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Skip Town: The Wizarding World of Harry Potter

Updated: Sep 6, 2018

By Shelby

Photos by Brian O’Neill


Even on the last page of seventh book, it didn’t feel final. After all, we still had four more years until the last frame of the last movie flickered across the silver screen. Now July 2011 and Harry Potter and the Deathly Hallows Part 2 have come and gone, leaving Potterphiles like me wondering how to resign themselves to the ordinary Muggle world. While J.K. Rowling’s Pottermore will launch next month as an online encyclopedia intended to enhance her bestselling series, many fans long for a more physical way to remain under the spell of their favorite books.


The ticket to lasting enchantment leads not to Little Whinging (home to the Dursleys), the Scottish highlands of Hogwarts or even to London. It’s actually found in a landlocked city in Florida best known for housing a certain mouse. The Wizarding World of Harry Potter opened in Orlando in June 2010 and brings the magic of Rowling’s books to life for the first time.


But before you book your flight, hotel or portkey, be warned. The Wizarding World of Harry Potter is not a standalone theme park. In fact, its 20 acres comprise just three rides that count as only one section of Islands of Adventure, Universal Studio’s newest theme park that is also home to Marvel Super Hero Island, Toon Lagoon, Jurassic Park, The Lost Continent and Seuss Landing. An adult ticket for Islands of Adventure costs $85 for one day, but for $35 more, you also gain access to the original Universal Studios, where you can meet E.T. and flee from Jaws.


Of course, once you step foot inside Hogsmeade Village, you probably will no longer care how much that ticket cost. As the steam clears, the engine of the Hogwarts Express emerges, as though you’ve just disembarked from the train that begins at Platform 9 ¾ at London’s Kings Cross station and terminates in Hogsmeade. The village itself looks every inch the way it appears in the films, from the uneven cobblestones all the way up to the rooftops of each building sagging under the weight of the snow. (Snow! In Florida!)

Then you catch sight of the marvelously familiar names on the signs and find yourself making a beeline for Zonko’s Joke Shop and the sugary treats of Honeydukes. For something a little more substantial, order fish and chips next door at The Three Broomsticks and adjoining pub The Hog’s Head. While in those establishments, you simply must order a butterbeer, preferably frozen. What butterbeer lacks in alcohol (as in it has none), it more than makes up for in taste, combining the delectable flavors of cream soda and butterscotch into something truly unique. Butterbeer is also available fresh from the tap from roving carts in Hogsmeade and can help make standing in line outside Ollivanders Wand Shop a little more enjoyable. Inside the small store, 20 visitors enter at a time to watch as one child from the group experiences the thrill of being chosen by a wand a la Harry Potter and the Sorcerer’s Stone. If you’re lucky, you might witness some real-life magic when the kid’s face lights up in awe of the “wizardry” at play.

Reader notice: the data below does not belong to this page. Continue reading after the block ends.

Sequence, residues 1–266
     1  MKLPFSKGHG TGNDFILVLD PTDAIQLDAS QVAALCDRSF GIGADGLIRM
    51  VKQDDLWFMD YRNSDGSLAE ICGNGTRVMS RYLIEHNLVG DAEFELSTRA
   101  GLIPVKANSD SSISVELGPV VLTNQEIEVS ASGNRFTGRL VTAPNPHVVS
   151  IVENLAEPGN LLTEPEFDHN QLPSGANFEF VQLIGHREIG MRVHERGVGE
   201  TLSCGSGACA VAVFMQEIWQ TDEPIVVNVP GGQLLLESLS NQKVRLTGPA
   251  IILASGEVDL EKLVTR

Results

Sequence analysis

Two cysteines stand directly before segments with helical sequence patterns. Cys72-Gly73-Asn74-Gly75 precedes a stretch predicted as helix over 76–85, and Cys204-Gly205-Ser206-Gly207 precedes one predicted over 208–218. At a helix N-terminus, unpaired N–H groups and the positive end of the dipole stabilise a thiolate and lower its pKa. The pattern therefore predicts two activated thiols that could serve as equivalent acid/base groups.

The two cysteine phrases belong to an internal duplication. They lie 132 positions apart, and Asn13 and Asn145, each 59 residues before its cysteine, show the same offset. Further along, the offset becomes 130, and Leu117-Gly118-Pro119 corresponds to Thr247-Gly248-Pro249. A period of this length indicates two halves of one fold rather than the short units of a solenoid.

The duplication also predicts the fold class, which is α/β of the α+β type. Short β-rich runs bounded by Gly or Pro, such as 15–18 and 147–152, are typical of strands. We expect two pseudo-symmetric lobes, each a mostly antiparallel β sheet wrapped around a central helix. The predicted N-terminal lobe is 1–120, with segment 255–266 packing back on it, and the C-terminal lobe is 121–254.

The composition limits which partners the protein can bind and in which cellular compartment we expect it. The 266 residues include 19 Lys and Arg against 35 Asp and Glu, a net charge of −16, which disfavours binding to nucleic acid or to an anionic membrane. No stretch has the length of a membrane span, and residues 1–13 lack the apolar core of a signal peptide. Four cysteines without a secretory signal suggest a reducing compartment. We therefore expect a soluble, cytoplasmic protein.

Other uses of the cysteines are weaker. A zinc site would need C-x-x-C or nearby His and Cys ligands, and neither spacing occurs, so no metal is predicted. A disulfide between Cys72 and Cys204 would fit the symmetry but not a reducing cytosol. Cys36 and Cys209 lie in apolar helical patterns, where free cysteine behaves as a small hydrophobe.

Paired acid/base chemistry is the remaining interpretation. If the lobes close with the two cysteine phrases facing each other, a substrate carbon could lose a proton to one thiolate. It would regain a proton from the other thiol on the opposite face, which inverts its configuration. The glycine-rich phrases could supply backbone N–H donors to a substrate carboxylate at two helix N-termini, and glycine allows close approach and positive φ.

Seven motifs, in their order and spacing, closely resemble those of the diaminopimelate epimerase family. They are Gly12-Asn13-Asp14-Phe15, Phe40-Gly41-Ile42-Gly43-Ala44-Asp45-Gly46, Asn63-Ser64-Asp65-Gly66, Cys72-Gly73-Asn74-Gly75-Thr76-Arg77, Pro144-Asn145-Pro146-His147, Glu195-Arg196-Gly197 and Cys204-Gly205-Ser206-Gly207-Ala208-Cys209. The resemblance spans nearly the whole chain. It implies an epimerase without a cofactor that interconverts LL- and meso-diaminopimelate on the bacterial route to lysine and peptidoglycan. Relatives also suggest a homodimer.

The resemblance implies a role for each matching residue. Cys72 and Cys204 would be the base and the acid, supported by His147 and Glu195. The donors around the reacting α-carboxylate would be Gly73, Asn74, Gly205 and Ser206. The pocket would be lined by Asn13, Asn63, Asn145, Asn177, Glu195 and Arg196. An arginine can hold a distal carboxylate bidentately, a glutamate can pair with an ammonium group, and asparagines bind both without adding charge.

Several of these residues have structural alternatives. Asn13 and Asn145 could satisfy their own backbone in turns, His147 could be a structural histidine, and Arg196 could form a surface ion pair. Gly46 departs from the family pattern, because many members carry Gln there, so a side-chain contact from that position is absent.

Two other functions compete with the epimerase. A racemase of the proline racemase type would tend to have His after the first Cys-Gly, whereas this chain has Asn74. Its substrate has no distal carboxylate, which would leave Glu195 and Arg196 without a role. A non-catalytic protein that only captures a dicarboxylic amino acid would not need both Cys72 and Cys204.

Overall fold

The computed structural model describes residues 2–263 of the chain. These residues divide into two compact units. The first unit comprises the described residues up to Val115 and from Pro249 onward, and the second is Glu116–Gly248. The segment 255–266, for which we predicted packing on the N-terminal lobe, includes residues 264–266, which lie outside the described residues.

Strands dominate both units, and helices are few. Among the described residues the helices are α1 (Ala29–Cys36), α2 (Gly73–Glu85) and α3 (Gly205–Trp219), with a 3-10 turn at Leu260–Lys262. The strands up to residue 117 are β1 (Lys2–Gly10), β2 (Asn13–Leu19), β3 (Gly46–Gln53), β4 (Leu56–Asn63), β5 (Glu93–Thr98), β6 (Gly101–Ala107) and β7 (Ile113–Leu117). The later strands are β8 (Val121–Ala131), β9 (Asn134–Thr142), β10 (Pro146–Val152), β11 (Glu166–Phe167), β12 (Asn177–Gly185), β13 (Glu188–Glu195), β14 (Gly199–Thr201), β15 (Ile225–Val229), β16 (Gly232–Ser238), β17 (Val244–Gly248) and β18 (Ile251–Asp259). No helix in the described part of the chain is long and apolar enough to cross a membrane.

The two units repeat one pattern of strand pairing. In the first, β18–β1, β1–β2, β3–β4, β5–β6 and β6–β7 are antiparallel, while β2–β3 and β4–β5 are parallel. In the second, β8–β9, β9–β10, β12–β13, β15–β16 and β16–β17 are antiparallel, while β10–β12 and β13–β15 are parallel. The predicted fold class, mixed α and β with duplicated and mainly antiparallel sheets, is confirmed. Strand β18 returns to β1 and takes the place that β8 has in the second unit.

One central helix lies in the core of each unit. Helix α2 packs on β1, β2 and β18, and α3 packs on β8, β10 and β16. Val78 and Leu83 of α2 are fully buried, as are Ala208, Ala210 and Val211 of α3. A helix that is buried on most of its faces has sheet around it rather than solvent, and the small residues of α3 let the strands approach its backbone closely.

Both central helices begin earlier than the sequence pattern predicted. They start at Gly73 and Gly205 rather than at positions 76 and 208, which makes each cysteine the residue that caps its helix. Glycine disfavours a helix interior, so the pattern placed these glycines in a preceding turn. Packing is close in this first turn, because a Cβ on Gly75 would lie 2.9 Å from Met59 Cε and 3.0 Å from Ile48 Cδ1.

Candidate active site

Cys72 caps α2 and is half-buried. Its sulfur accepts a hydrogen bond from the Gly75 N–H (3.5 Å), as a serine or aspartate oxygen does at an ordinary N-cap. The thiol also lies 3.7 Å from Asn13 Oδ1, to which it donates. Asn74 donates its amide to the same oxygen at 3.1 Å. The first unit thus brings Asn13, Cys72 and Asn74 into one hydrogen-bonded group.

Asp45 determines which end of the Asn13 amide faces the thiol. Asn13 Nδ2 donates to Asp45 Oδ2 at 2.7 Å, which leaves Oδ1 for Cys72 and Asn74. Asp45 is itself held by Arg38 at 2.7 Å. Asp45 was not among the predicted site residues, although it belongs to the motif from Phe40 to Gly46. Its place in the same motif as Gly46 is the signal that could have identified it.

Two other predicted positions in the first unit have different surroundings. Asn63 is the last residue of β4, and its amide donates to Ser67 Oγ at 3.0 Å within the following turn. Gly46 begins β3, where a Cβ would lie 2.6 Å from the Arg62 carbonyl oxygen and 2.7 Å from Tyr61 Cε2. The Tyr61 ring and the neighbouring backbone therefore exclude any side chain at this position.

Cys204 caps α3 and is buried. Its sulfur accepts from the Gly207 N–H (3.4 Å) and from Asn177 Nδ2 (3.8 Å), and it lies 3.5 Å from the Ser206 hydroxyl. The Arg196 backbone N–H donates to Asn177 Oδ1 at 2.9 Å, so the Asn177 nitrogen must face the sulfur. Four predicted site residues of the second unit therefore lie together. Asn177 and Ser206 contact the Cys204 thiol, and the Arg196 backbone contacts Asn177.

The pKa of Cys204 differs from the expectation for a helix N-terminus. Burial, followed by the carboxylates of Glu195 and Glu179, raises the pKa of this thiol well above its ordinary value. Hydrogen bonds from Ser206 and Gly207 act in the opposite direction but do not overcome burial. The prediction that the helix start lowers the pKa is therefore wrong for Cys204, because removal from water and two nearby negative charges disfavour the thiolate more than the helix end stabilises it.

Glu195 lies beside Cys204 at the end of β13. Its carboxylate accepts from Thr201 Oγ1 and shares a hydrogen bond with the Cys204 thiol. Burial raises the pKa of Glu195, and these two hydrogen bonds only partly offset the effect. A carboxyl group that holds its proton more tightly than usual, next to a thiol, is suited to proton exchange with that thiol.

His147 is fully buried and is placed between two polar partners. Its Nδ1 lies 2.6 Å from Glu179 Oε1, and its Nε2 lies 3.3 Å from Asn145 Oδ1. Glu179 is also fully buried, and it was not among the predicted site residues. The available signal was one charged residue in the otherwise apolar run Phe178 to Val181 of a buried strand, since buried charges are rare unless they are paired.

Of the three rides in The Wizarding World of Harry Potter, two are roller coasters that were repurposed from other Islands of Adventure attractions. But even though dueling coasters Dragon Challenge and family-friendly Flight of the Hippogriff lack some of the purpose-driven detail of the surrounding village, they are still worth checking out, if only to see Hagrid’s Hut and its many creatures.


The most bewitching jewel in The Wizarding World’s crown is indisputably Harry Potter and the Forbidden Journey, which can be found inside Hogwarts castle. Nestled on high, the turrets of Hogwarts can actually be spotted throughout Islands of Adventure, and up close, it is no less breathtaking. Luckily, the queue for the Forbidden Journey winds through the castle’s grounds and interiors, giving you a chance to explore each detail. The wait can stretch for hours in peak times, but time goes quickly when you find yourself in Professor Sprout’s herbology classroom (and the many refreshing drinking fountains and shaded coverings certainly don’t hurt).


Unlike traditional coasters, the Forbidden Journey utilizes a robotic arm that takes you along a track, providing a much greater range of motion that finds riders flat on their backs, dangling over scenes while whipping forward. That can be a recipe for motion sickness, and copious signs warn about the ride’s potential to nauseate. The full-range action also requires that riders store all belongings in lockers, which are secured by fingerprint scan, before entering the line.


After winding through the castle’s passageways, seeing messages from projections of Harry, Ron and Hermione and finally being tightly secured on a magical bench, you begin your flight, which takes you through the Forbidden Forest to meet the descendents of Aragog, flying across the quidditch pitch, battling the whomping willow and even facing some soul-sucking dementors through a mixture of practical and projected effects.


After the Forbidden Journey’s end, you may be a newly crowned champion of Hogwarts, but you are still deposited in a gift shop. Yet soon it you’ll realize that Filch’s Emporium of Confiscated Goods is much more. From enchanted parchment to house scarves to Death Eater uniforms, this shop is a Potter fan’s dream. Sure, you’ll also spot the standard T-shirts and coffee mugs, but what you’ll find yourself wanting most is a time-turner so you can experience The Wizarding World of Harry Potter all over again.

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